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True. Much of the confusion right now is because it is unclear whether Belic Bear and K'gra Leopard discussed their situation with the FurFright staff and the majority decision was to discontinue the convention, or whether Belic and K'gra announced FurFright's shutdown taking the rest of the FurFright staff by surprise. If the latter, can the rest of the staff continue FurFright with a new Chair, or is Belic's and K'gra's decision final despite what the rest of the Committee may want?

In Los Angeles, there is plenty of help from other fandoms if the new fandom/convention organizers want it. When anime fans wanted an anime convention (Anime L.A., ten years old now), they asked local s-f fans, costuming fans, and filking fans, who were all glad to help. Several volunteered to serve on the first few Anime L.A. committees. Area furry fans have always insisted that they could put on their own conventions without any help ("bureaucracy"), making many mistakes that the other conventions and fan groups could have warned them about (many fans did, and were generally told to "go away and don't bother us"). The desirability of incorporating as a not-for-profit corporation was one of the first. Result: ConFurence and later Antheria in Redondo Beach self-destructed.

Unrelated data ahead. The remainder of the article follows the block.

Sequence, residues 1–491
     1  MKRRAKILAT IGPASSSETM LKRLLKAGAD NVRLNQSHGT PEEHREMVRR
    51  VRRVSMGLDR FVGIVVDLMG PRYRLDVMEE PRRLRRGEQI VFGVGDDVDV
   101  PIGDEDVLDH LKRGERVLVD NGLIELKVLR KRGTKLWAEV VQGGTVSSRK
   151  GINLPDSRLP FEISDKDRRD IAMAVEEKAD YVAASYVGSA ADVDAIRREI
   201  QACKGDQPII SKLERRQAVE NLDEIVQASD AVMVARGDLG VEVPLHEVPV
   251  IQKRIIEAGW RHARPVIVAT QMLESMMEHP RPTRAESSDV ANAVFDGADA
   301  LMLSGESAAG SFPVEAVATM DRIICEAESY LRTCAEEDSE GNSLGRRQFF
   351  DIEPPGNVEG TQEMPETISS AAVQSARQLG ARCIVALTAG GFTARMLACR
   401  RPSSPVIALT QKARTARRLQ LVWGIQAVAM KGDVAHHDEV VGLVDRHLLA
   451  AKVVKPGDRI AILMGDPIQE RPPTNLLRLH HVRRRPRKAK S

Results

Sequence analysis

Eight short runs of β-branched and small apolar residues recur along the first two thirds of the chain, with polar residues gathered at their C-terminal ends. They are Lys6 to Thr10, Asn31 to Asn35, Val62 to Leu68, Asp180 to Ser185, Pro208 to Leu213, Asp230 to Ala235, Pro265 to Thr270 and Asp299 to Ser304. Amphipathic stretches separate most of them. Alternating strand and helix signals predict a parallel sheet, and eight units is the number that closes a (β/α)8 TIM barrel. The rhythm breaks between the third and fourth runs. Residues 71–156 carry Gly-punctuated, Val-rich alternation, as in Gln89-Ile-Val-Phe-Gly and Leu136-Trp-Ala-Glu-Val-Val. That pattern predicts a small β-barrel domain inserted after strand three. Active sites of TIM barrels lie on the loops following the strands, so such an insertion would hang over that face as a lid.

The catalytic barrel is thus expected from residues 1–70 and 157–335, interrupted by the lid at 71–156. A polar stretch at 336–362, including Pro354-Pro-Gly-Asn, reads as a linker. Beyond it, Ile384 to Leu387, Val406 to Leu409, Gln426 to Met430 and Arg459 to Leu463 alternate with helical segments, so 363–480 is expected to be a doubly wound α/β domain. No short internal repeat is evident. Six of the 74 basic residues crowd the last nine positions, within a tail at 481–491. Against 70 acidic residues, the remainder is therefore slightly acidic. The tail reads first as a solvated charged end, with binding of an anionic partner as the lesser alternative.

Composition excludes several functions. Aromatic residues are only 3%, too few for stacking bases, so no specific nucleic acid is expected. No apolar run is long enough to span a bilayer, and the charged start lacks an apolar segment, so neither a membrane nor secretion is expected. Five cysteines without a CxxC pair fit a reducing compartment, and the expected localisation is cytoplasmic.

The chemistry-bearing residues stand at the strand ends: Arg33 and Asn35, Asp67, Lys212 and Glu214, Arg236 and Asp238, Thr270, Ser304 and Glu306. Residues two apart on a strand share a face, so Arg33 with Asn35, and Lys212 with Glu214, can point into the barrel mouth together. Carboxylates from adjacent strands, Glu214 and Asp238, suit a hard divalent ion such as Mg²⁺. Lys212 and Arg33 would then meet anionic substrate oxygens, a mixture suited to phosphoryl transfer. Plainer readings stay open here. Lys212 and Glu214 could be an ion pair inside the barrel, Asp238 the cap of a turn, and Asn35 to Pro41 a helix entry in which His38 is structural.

Fred Patten

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There's , which seeks to compile articles from experienced conrunners, but it's very much a work in progress. Generally anyone who wants to run a con should work on staff of an existing con for a few years.

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Thanks! This site has a fair amount of info:

There are a number of furry related subjects that seem lacking coverage in print, this is one of them. Fursuit making has one book in print needing updates. Fursuit photo essay/documentary could be a good one. My business could invest in such a project and handle work to fulfill thousands of orders. I have talked to a few people who have pitched to publishers. I will keep watching it.